More locally—adjunct professors in universities across this country, even on our own campus, are grotesquely underpaid. How much do you pay for the classes you take? About $3,000, right? How many people are in your classes? Let’s say that colleges like this one take in about $60K per class. The adjunct professors on this campus, and campuses all over this nation are paid less than $2,000 per course, with no benefits. Again, GC is not alone in this. This is what is considered fair market value, though it is ultimately less than minimum wage, and would, at a full-time rate, still land these adjuncts at far below the poverty line.

All of these things I’ve mentioned—sexism, racism, homophobia and unfair wage practices—affect the abilities of individuals to buy goods that are more fairly traded. Who has access to fair trade goods? Who can buy from stores beyond Wal- Mart? More importantly, how do attitudes and practices that we are complicit in keep people from being able to make the choices that some of us can? With this in mind, it is particularly dangerous to conflate certain kinds of purchases with morality, lest we reinforce the idea that the rich are more virtuous, simply by way of being rich. Please, I invite you: think bigger.

Fair trade and women

Contributing Writer
The following are excerpts from a speech given during the Occupy Georgetown for Fair Trade event.

Consider the oppression that women face globally that causes them to be in desperate need for Fair Trade opportunities:

70% of the world’s 1.3 billion poor, people surviving on less than a $1 a day, are women. Women are paid 30-40% less than men for comparable work. As the primary caretakers of children, the elderly and the sick, women are responsible for meeting the basic needs of the majority of the world’s population. Two thirds of Fair trade the world’s 1 billion illiterate adults are women. 80% of all refugees and displaced persons globally are women and children. 75% of the casualties of war are civilian women and children. When women are poor, families and communities cannot be strong.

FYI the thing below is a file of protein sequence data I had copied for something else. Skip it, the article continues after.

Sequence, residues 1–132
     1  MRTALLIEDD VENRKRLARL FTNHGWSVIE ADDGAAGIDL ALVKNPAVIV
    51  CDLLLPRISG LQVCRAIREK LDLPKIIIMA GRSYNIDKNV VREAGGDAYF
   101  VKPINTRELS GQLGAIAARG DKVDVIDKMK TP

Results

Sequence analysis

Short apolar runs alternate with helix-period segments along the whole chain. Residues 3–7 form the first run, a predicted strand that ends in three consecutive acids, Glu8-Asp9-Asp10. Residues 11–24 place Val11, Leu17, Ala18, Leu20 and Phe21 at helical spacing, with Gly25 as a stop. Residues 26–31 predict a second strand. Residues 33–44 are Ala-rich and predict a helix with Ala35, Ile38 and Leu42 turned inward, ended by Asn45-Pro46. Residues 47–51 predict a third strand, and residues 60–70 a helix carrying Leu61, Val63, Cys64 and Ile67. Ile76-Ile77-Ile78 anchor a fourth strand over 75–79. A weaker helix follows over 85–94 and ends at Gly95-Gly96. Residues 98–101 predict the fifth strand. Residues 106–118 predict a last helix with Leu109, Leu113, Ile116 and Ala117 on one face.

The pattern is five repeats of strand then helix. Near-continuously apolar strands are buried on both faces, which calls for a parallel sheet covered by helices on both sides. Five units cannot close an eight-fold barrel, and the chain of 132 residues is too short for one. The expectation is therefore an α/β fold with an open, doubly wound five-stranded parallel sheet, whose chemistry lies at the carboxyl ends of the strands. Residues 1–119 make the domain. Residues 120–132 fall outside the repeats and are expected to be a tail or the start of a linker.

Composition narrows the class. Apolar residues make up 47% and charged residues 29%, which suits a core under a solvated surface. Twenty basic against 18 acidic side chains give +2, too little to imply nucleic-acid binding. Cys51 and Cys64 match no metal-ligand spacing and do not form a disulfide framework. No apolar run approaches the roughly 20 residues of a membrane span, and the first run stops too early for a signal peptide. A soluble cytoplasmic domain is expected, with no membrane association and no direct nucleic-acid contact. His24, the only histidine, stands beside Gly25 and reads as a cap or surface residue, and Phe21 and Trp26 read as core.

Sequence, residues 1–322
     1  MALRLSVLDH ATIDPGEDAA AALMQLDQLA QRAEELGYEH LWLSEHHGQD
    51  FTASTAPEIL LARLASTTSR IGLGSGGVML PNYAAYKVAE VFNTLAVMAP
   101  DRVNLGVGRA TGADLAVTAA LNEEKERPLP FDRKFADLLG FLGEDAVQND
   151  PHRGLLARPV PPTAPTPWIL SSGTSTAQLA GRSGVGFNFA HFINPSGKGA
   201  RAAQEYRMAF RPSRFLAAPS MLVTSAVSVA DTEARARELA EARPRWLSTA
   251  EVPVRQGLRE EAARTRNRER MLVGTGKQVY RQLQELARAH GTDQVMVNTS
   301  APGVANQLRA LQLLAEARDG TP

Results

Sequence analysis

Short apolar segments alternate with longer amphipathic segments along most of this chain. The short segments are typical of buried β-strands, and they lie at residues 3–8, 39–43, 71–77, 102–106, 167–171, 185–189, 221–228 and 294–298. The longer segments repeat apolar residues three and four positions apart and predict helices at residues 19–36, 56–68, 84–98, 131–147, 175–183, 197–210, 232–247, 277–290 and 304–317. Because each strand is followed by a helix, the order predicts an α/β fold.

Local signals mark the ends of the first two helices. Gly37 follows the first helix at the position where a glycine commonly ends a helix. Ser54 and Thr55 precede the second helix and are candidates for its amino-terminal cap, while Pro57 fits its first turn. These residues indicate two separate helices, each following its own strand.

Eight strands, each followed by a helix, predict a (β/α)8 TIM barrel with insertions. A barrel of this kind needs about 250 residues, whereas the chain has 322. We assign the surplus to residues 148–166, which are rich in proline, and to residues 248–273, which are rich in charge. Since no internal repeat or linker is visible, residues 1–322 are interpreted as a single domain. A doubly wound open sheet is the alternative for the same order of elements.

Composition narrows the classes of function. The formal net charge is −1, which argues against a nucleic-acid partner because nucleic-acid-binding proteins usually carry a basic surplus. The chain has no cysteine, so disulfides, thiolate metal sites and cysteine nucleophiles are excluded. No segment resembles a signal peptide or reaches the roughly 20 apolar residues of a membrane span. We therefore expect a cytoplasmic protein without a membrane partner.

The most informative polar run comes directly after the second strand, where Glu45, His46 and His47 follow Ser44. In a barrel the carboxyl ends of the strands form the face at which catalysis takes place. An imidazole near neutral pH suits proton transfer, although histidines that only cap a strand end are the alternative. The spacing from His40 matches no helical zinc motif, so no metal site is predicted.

One out of every three women worldwide will be physically, sexually or otherwise abused during her lifetime. Violence against women is an extreme human rights violation, a public health epidemic and a barrier to solving global challenges such as HIV/AIDS and famine. Violence also is a major cause of poverty and a huge barrier to economic opportunity. It keeps women from getting an education, working and earning the income they need to lift their families out of poverty. There are more hungry people in the world than ever before: 925 million. Around the globe, the typical farmer is a woman, most often barefoot, working with basic tools and with a baby strapped to her back. Yet despite their important role in agriculture, most women farmers lack the market access and resources needed to increase crop productivity and pay-off. Investing in women directly is the key to preventing future hunger crises.

In general Fair Trade ensures the following:

1) A Living Wage: A livable income covers the basic needs including food, shelter, education and health care for workers and their families.

2) Long Term Investment in People: By building direct, long-term and stable relationships between importers and producers, farmers and artisans have consistent work and job security.

3) Environmental Sustainability: By encouraging environmentally friendly production through the use of local and recycled materials, sustainable harvesting techniques and organic farming practices, Fair Trade farmers are given price incentives and ongoing training, to help facilitate their transition to organic farming.

4) Safe and Healthy Working Conditions: Fair Trade means a safe and healthy working environment for artisans and farmers and no forced or exploitive child labor.

5) Transparent Trade Terms: Fair Trade ensures transparent trade terms throughout the supply chain

6) Empowerment for Women: Fair Trade provides employment without discrimination and ensures equal pay for equal work for both women and men. 70% of Fair Trade artisans are women. Fair Trade not only allows women to earn an income but also provides them with leadership positions and an equal voice in decision making.


Leave a Reply

Fill in your details below or click an icon to log in: Logo

You are commenting using your account. Log Out /  Change )

Google+ photo

You are commenting using your Google+ account. Log Out /  Change )

Twitter picture

You are commenting using your Twitter account. Log Out /  Change )

Facebook photo

You are commenting using your Facebook account. Log Out /  Change )


Connecting to %s

%d bloggers like this: